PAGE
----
Can you recall a time when you believe you were treated unfairly? Maybe someone else was selected over you or received recognition for your work? How did that feel and what did it do for your motivation?
Studies conducted at UCLA confirmed that the neurophysiologic pathways linked with physical pain and suffering are triggered by the emotional hurt and rejection that comes from the perception of inequitable and unjust workplace conditions. They also revealed that fair treatment causes the same kinds of responses in the human brain as eating chocolate or winning money. Fair treatment turns on the brain’s reward circuitry; and it is not limited to humans.
In a study conducted by Sarah Brosnan and colleagues, they had two Capuchin monkeys doing the same task – delivering a stone. However, one was rewarded with a succulent grape and the other with a boring piece of cucumber. The monkey rewarded with the cucumber became irate and refused to work.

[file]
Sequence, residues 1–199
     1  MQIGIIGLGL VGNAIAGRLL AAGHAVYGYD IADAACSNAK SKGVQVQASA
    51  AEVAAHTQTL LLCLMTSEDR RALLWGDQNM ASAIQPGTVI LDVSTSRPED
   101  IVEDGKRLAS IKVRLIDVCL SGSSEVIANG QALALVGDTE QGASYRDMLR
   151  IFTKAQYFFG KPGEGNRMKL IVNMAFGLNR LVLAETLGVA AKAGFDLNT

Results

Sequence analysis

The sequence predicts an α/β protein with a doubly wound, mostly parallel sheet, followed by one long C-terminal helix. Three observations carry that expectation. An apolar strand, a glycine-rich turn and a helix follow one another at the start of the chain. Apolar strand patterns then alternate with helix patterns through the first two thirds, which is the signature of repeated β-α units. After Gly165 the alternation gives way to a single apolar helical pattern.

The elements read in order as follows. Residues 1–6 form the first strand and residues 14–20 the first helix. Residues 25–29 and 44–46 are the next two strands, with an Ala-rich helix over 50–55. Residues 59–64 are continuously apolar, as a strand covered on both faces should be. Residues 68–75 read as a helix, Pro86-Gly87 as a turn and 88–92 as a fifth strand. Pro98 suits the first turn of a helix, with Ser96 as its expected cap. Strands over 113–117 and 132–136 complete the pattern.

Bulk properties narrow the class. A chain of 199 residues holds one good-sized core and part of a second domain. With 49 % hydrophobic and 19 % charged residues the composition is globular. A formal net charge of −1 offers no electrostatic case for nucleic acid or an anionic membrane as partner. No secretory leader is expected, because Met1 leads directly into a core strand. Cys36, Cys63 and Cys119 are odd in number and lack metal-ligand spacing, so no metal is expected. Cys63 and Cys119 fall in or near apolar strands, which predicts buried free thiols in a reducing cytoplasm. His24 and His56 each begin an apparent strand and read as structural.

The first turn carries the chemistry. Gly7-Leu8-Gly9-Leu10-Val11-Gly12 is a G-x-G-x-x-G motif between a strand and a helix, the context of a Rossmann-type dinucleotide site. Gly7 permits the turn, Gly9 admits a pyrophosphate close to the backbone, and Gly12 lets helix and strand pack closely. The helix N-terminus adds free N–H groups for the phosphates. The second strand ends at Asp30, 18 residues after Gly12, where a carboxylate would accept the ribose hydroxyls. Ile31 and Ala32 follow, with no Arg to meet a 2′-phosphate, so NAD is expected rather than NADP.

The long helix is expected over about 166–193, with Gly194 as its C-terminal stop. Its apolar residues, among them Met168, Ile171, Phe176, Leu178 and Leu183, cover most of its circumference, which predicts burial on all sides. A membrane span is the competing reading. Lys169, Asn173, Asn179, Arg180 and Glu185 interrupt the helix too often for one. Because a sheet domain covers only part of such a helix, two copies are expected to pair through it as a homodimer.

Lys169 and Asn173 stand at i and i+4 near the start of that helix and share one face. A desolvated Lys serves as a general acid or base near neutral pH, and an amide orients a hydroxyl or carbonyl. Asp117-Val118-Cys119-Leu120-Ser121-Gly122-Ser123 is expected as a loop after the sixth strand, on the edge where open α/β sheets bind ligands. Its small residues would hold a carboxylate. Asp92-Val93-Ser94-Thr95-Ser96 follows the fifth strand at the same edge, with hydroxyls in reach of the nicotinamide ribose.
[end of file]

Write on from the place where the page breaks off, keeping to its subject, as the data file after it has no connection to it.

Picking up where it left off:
Working in an environment of unfairness or perceived unfairness is a huge killer for enthusiasm, ownership, and creativity. So, the next time you need to make a decision giving something good like title, promotion, awards, or selection to a project team, be transparent about your decision criteria. Let your people know what the expectations are up front and if it is something bad or undesirable, be open with your decision criteria.
For extra credit, ask people in an anonymous survey on a scale of 1-4, how fair they felt the selection was. You can use that information to better communicate with your teams.
Remember, members of your team might perceive what might seem fair to you, as unfair. You won’t know unless you ask.
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